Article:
Regulation. The issuance and distribution of shares in both public and private markets are heavily regulated. The primary regulatory authority for the U.S. is the Securities and Exchange Commission (SEC). The SEC monitors and enforces securities laws, ensuring that companies follow all regulations concerning the issuance, sale, and trading of shares. For publicly traded shares, share trading on secondary market is overseen by both the SEC and the Financial Industry Regulatory Authority (FINRA).
Many companies issue common stock, which is divided into shares known as common shares. These shares provide purchasers, often referred to as shareholders, with a residual claim on the company and its profits. Common shares offer investment growth potential through capital gains and dividends.
Voting Rights. Common shares come with voting rights, granting shareholders a say in the company’s decisions. These rights allow shareholders to participate in voting on corporate actions, elect members to the board of directors, and approve actions like issuing new securities or distributing dividends.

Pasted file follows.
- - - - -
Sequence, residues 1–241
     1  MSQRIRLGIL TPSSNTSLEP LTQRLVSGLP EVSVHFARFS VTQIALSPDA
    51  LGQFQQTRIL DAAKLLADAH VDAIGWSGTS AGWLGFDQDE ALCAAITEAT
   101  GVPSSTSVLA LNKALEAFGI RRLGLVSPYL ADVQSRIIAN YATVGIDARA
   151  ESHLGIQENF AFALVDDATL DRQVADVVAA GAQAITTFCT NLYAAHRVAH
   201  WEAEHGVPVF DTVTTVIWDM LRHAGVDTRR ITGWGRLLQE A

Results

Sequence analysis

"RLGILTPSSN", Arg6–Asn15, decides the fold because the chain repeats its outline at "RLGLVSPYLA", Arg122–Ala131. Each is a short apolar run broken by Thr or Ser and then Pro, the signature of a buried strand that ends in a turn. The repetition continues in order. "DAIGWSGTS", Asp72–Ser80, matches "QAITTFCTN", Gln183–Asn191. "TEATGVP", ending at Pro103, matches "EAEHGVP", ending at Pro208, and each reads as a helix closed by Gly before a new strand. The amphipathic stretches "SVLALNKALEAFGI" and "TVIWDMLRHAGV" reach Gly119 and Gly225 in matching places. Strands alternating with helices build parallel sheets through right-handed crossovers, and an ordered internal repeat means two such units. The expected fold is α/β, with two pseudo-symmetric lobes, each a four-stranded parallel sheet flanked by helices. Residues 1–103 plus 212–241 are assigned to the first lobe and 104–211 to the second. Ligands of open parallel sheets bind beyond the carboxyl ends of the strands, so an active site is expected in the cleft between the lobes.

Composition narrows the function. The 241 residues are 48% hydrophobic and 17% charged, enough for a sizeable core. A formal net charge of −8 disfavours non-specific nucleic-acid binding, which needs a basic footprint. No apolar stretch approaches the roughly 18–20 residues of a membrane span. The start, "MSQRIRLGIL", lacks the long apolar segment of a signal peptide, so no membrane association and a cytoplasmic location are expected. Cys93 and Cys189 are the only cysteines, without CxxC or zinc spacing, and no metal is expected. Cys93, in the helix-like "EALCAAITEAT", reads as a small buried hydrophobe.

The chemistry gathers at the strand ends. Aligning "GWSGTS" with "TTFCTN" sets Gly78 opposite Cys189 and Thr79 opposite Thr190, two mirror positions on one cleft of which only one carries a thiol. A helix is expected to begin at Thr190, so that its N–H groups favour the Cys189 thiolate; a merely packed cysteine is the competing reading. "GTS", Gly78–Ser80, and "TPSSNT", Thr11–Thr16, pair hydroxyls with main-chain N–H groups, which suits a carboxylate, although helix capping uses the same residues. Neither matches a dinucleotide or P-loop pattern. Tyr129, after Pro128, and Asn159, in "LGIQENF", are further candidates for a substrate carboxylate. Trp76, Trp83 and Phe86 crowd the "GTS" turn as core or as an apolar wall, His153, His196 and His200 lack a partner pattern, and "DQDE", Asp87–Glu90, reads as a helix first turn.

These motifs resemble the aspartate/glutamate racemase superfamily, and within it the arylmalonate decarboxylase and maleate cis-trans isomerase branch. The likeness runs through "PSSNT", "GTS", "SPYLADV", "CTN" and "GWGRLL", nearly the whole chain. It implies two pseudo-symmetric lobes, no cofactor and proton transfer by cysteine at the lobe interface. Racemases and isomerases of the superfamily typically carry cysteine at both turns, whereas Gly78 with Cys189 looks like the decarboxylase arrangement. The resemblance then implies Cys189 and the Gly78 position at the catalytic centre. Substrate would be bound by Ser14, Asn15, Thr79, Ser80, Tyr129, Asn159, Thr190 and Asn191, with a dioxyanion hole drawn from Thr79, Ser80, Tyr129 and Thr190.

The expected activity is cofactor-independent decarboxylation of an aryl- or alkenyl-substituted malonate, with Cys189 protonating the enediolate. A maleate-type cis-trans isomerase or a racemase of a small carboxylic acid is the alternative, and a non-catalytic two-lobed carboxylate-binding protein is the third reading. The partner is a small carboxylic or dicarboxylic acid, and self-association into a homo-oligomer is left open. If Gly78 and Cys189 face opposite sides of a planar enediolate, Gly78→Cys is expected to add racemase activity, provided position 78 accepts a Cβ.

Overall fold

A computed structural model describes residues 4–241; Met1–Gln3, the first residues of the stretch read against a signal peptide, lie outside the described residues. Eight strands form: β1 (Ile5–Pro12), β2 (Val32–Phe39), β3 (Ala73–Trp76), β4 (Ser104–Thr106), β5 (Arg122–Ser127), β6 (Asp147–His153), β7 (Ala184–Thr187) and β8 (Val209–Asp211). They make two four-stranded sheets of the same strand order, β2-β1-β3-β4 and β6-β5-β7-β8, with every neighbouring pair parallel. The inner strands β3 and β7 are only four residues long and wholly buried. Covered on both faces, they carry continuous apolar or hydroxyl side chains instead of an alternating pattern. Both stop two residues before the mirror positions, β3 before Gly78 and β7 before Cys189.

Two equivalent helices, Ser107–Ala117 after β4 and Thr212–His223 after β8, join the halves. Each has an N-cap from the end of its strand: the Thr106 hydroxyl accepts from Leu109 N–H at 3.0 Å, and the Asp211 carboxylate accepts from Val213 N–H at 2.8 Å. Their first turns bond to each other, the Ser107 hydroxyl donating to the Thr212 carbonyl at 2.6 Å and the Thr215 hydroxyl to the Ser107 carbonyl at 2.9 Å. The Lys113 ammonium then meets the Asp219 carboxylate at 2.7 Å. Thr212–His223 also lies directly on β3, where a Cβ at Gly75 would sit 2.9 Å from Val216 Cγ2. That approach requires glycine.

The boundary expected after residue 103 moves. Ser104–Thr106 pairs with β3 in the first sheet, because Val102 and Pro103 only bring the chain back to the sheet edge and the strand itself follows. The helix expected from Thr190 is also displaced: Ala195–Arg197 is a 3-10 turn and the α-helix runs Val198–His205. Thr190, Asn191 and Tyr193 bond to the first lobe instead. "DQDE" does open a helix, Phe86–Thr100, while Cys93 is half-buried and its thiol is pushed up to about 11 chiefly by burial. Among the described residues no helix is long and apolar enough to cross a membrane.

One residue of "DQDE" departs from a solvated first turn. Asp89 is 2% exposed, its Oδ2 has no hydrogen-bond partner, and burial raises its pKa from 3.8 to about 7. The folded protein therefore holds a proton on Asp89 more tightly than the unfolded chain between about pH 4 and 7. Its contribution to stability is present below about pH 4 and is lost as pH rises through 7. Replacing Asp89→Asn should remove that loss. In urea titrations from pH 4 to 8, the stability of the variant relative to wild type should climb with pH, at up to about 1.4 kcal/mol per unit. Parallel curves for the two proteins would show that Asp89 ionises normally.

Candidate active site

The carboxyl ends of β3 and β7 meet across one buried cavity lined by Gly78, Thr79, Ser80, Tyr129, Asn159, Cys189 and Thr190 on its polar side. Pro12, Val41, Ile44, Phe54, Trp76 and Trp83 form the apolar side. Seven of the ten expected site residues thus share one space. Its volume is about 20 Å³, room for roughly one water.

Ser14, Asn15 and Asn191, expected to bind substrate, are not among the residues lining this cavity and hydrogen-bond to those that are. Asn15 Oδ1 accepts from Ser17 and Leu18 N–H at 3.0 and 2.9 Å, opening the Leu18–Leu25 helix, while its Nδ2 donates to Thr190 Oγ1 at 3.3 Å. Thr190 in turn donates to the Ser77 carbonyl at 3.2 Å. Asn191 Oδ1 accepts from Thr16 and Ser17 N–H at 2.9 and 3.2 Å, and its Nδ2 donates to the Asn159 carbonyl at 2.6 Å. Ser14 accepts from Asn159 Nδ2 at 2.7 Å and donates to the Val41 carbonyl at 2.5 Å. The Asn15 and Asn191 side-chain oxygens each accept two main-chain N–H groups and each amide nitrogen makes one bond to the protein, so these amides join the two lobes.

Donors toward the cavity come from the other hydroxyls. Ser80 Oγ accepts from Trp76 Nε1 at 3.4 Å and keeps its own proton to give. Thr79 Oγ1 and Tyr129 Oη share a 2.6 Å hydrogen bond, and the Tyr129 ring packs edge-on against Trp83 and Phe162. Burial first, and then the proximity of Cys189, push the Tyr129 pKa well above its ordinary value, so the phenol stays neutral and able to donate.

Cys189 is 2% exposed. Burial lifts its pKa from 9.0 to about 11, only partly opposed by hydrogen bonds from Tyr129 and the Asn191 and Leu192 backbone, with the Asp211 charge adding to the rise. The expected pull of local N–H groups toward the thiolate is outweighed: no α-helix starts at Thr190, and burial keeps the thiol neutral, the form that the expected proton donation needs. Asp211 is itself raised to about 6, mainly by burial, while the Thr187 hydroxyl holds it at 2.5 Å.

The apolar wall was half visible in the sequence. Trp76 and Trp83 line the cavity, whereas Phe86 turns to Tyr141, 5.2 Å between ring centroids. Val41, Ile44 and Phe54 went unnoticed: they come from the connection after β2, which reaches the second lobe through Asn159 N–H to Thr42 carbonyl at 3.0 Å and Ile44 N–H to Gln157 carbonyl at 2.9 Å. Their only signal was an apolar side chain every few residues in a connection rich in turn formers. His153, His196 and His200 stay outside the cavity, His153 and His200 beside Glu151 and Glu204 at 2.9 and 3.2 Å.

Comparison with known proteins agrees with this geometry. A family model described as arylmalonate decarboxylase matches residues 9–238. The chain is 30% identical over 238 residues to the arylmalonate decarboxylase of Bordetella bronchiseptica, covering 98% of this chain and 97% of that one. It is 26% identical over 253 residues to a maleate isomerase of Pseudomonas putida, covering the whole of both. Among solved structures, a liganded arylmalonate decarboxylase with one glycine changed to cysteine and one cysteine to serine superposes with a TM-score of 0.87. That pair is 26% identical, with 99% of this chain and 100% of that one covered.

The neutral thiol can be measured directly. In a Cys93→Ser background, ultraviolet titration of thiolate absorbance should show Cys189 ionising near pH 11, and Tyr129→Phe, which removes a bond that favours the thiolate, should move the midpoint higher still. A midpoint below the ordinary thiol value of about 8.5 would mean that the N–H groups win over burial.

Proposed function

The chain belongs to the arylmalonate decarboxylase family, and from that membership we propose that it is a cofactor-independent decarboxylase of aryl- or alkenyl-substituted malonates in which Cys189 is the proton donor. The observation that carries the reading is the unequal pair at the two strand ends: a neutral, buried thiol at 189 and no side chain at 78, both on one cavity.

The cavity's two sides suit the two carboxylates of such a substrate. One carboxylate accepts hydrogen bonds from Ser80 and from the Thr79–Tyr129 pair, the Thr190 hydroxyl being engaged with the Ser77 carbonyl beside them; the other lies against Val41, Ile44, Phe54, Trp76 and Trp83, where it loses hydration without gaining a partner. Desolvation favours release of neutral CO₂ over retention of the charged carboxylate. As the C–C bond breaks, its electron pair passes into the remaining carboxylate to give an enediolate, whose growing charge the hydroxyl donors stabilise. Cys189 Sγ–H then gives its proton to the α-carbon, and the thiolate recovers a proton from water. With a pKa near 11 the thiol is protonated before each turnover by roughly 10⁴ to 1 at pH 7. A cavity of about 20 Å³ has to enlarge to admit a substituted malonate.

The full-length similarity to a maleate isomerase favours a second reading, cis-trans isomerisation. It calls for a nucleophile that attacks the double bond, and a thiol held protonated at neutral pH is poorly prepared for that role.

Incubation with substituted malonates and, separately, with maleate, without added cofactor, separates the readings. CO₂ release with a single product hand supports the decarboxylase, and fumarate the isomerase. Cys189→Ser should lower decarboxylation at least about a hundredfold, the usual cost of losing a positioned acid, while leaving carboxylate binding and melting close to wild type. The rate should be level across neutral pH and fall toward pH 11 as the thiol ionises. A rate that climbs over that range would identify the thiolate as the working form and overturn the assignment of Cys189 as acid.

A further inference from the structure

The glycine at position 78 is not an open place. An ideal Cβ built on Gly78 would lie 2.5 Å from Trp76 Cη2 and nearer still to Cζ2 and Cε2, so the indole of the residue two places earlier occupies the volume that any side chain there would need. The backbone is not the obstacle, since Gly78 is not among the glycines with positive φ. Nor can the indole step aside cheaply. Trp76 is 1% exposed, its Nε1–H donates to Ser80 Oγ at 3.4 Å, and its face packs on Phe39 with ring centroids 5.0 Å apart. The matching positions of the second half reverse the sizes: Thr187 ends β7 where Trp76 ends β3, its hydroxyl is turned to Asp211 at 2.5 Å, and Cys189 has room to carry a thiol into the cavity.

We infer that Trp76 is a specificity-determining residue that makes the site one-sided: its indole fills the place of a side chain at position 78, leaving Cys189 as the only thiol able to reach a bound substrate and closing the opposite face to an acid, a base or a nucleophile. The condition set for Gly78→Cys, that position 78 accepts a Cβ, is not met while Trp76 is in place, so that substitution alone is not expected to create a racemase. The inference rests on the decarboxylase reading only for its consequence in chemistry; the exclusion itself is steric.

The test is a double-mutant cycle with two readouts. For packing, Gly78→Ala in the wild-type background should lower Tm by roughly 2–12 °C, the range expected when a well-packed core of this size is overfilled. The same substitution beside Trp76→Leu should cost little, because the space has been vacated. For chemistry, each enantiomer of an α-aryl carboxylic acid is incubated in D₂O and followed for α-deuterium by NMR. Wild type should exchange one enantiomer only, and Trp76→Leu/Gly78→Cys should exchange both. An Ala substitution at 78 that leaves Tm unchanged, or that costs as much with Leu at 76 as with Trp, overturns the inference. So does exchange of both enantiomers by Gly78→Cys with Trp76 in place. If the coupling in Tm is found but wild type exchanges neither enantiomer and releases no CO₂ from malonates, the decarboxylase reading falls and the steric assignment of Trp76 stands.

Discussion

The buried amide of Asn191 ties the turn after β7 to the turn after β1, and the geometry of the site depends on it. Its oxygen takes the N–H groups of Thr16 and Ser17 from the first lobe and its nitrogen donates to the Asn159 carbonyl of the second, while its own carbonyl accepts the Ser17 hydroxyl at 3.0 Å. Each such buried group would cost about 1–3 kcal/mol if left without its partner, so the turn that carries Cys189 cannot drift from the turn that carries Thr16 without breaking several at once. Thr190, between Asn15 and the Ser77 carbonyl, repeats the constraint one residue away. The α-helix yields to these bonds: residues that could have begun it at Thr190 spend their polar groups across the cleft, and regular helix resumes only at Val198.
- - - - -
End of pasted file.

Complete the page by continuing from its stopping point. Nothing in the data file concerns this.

Preemptive Rights. Common stock can also include preemptive rights. These rights ensure that shareholders have the opportunity to buy new shares when the company issues them, allowing them to maintain their percentage of ownership.
Preferred stocks are another type of shares, often referred to as preference shares. In contrast to common shares, preferred shares typically do not offer significant market appreciation in value or voting rights within the corporation. However, preferred stock does offer specific advantages:
Steady Payments. Preferred shares typically come with set payment criteria, such as regular dividend payments. This predictability makes preferred stock less risky compared to common stock.